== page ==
GUADALAJARA, Mexico -- The idea of Rafa Marquez becoming the first player in history to captain a team at five World Cups looked to be a distant dream just a few days ago. Marquez had been sanctioned on Aug. 9 by the U.S. Treasury Department for alleged links with a drug trafficking organization following a multi-year investigation. The news stunned Mexican football and Marquez was sidelined from playing.
The former Barcelona player described the situation he was in as his "most difficult match" in a press conference after hearing the news and apart from the occasional tweet and his return to training on Sept. 18, Marquez has remained quiet. Since then, he's won a couple of legal battles to unfreeze his bank accounts and there's been almost unanimous backing from within the Mexican game. But the feeling was that Marquez's chance to finish his career on a high was disintegrating by the day, with his 38-year-old body needing games in order to avoid stagnation and possible retirement.
When the news came Wednesday evening that Marquez was in Atlas' squad to face archival Chivas in the Round of 16 Copa MX game, it came as another shock. There was no official announcement from Atlas and no explication of the legality of Marquez suddenly being allowed to play; instead, just assertions from journalists, which were confirmed as the teams were announced in Estadio Chivas.
Marquez didn't enter the field in Atlas' 1-0 loss. He didn't even warm up before the game or at half-time and was only seen stretching midway through the second half. With Los Rojinegros chasing the game, coach Jose Guadalupe Cruz threw on forward Fidel Martinez as his final substitution, forcing Marquez back to the bench. But this wasn't some publicity stunt. As far as Atlas are concerned, Marquez is back for good as the 2017 Apertura playoff push intensifies over future weeks.
"We are happy Rafa has been given clearance, it's good for us in both the human and professional sense," said Cruz after the match. "He's our leader, our captain and for us he never went away."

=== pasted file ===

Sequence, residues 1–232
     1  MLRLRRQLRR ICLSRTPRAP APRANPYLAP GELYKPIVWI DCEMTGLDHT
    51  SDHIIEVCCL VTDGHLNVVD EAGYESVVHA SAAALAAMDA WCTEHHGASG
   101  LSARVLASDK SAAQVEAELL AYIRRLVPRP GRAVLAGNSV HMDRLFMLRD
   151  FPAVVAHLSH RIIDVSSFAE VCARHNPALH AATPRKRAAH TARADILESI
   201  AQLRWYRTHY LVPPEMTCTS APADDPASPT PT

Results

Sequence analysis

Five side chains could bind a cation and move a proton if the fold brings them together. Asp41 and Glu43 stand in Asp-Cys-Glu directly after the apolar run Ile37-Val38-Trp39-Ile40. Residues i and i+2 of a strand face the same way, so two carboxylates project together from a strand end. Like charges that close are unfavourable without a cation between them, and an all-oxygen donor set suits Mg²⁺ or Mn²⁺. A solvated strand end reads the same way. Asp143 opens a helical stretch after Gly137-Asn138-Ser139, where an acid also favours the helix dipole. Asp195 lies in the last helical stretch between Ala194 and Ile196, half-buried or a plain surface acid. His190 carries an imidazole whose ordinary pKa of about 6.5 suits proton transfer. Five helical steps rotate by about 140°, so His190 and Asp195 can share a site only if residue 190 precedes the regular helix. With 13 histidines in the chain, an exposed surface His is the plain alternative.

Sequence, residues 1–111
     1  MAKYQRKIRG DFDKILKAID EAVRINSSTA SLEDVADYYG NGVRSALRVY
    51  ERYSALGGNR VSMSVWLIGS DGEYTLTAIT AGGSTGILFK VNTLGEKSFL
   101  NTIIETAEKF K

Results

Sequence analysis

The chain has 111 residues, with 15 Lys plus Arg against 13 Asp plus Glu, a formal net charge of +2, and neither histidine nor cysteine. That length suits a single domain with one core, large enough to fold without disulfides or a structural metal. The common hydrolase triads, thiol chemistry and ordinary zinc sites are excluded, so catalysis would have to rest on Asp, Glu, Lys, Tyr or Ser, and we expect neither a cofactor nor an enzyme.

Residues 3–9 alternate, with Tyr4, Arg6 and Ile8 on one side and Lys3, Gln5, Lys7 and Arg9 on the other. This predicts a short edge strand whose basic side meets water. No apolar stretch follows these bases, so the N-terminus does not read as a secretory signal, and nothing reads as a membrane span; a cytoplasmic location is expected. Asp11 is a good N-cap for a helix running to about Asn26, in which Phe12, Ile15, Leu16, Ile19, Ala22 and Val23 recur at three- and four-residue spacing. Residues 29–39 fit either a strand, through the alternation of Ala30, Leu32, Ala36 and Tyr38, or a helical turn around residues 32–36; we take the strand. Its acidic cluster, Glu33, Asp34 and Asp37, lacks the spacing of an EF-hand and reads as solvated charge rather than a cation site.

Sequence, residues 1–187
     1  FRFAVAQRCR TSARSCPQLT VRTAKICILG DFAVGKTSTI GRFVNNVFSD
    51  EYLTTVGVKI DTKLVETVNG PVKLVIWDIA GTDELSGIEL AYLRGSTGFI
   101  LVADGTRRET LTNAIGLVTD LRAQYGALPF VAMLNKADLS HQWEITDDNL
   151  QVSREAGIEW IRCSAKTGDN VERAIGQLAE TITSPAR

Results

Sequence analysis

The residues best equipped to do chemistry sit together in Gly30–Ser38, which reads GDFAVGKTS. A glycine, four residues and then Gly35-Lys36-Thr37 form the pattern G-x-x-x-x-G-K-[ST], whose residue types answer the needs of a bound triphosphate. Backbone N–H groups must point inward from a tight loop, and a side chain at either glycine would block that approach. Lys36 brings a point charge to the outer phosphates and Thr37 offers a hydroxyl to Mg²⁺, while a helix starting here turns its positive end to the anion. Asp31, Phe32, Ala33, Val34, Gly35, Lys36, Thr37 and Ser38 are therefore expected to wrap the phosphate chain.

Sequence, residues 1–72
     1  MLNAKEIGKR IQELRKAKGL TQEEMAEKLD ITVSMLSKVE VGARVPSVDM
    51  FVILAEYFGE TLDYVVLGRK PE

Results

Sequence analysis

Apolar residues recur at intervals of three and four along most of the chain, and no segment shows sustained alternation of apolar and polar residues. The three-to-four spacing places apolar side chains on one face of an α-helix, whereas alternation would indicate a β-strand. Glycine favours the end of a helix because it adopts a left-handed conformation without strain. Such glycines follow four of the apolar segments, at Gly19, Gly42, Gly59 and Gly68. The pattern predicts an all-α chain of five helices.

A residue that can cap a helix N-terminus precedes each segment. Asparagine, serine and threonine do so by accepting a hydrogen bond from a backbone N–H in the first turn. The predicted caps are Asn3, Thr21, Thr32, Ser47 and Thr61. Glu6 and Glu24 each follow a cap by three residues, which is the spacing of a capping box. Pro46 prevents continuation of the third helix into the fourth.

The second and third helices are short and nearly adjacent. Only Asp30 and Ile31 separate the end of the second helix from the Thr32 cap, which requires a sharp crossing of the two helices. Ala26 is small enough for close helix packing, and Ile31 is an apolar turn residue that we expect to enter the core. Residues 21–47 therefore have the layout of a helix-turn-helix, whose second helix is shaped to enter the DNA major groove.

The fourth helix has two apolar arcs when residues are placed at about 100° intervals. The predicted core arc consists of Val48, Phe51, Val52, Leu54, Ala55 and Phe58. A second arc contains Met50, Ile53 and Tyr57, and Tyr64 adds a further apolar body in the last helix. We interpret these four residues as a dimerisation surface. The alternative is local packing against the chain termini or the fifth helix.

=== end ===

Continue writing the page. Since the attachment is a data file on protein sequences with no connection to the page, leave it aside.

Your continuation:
"[Marquez] returns stronger because it isn't easy to live through what happened," continued Cruz. "I put him on the bench with the chance of him playing if the situation was right. He's ready to play in the league at the weekend."
Up next for Atlas is a league game at Queretaro on Saturday. One expects that Marquez will be integrated gradually given that his last game was back on Aug. 6, but there won't be much time to settle back in: with Atlas now out of the Copa MX, there are only four regular season games left in Liga MX and the club is currently just outside of the playoff spots.
As for what the future holds beyond that, a lot is still up in the air. Although the four-time World Cup veteran is very unlikely to be in the squad for El Tri's November games in Europe against Belgium and Poland, it's not yet known if Marquez can actually leave Mexico. If he can, could he travel to the United States? If not, what might that mean for his World Cup prospects, given than Mexico is likely to play four friendlies north of the border ahead of next summer's World Cup, including the first game of 2018 in San Antonio, Texas on Jan. 31?
There are still more questions than firm answers, but Wednesday night was a step forward for Marquez's chances of making history at Russia 2018, even if it was a disappointing loss for his Atlas side.